Mike Stevens | Feb 2, 2012

Victoria Police has announced a new 14-day operation across Melbourne's inner suburbs in February.

Dubbed Operation Halo, the campaign will focus on the danger of road trauma involving motorists, pedestrians and cyclists.

Officers will not be targeting any specific group of road users, but rather focusing on reducing road trauma involving pedestrians, cyclists and motorcyclists.

"Pedestrians, cyclists and motorcycle riders are our most vulnerable road users and we have been particularly concerned about the 26 per cent rise in pedestrian fatalities last year," Head of Road Policing Deputy Commissioner Kieran Walshe said.

The operation will see about 100 police a day working across the Melbourne, Port Phillip, Yarra, Boroondara and Stonnington Police Service Areas targeting issues that contribute to vulnerable road user collisions.

The five inner-Melbourne councils have been selected for the operation due to high rates of road trauma involving vulnerable road users in each area.

"We won't only be targeting pedestrians, cyclist and motorcycle riders who breach the road rules. We will also be targeting offences committed by drivers of motorcycles, cars and heavy vehicles who contribute to this road trauma."

Walshe said that targeted offences will include driving in marked bicycle lanes, driving whilst distracted, speeding or failing to give way at intersections.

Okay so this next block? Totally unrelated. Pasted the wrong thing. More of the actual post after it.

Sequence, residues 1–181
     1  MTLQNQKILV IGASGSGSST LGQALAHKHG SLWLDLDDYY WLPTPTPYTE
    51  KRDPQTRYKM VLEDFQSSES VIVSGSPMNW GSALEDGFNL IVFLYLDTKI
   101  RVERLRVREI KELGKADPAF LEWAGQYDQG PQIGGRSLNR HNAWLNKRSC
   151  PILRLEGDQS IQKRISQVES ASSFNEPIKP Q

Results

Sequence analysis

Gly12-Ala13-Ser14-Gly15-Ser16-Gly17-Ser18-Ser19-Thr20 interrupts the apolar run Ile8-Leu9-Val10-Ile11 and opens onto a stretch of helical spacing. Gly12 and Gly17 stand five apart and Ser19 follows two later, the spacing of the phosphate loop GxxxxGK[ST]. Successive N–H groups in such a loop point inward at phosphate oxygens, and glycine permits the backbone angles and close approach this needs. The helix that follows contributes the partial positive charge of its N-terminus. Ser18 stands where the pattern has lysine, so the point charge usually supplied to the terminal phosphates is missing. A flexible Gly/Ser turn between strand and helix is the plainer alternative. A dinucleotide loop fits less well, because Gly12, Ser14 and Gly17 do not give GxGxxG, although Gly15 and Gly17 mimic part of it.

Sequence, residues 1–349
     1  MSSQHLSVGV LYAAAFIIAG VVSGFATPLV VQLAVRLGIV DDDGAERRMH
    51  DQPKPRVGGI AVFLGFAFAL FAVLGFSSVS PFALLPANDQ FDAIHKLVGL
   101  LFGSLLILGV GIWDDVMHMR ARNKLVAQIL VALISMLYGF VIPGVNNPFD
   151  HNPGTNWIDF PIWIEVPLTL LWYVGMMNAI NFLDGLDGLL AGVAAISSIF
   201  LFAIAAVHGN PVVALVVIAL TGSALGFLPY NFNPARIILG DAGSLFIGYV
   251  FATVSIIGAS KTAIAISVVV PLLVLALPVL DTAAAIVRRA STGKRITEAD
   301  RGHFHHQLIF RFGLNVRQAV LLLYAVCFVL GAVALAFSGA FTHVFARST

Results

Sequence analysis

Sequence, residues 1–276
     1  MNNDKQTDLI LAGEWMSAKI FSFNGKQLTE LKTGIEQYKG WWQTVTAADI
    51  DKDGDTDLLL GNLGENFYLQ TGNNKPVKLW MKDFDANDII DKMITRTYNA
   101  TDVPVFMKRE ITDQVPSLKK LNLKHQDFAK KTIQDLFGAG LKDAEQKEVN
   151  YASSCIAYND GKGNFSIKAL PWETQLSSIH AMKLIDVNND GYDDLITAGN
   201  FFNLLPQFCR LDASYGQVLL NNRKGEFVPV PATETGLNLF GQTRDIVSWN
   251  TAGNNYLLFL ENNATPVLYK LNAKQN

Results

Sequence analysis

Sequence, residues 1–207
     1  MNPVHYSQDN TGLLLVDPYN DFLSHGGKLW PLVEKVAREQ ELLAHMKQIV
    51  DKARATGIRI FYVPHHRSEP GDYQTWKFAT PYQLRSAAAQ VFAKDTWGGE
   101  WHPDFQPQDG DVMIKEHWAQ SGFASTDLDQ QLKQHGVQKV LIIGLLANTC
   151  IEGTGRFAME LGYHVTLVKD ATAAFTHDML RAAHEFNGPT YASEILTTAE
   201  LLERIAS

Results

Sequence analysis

"We need pedestrians to look up from their phone, pull out the earphones and be aware of their surroundings at all times and comply with pedestrian signals," he said.

"We need motorcyclists to ride with care in heavy traffic and be aware of the dangers of lane splitting or riding in bicycle lanes."

"We need cyclists to obey traffic lights and signs and ride with caution in built up traffic. And we need drivers to always look for cyclists, motorbikes and pedestrians, particularly at busy intersections and when opening car doors."

News of the operation follows an altercation between cricketer Shane Warne and a Melbourne cyclist. This week, the cyclist launched a civil claim against Warne in the Melbourne Magistrates Court, seeking damages.

 

2011 Road Toll

Statistics for Victoria's 2011 road toll have also been released this week.

  • There were 129 deaths in metropolitan Melbourne, up from 125 in 2010.
  • There were 158 deaths in country Victoria, down from 163 in 2010.
  • Victoria recorded 5.1 deaths per 100,000 population compared to 5.91 in the rest of Australia in 2011.
  • There were 49 pedestrian deaths, an increase of 26 per cent.
  • People aged over 70 accounted for 16 pedestrian fatalities (32 per cent), 12 people killed were aged 80 or above (24 per cent).
  • Forty-nine fatalities (17 per cent) were motorcyclists, equal to 2010 but an increase of four on the five year average.
  • Five of the motorcyclists (13 per cent) were not wearing a helmet.
  • Of the eight fatalities involving cyclists, 50 per cent (four) were not wearing a helmet.
  • Heavy vehicles were involved in 38 fatal collisions (15 per cent), a decrease of 21 per cent.
  • Thirty-six (26 per cent) of drivers and passengers killed were not wearing a seatbelt.
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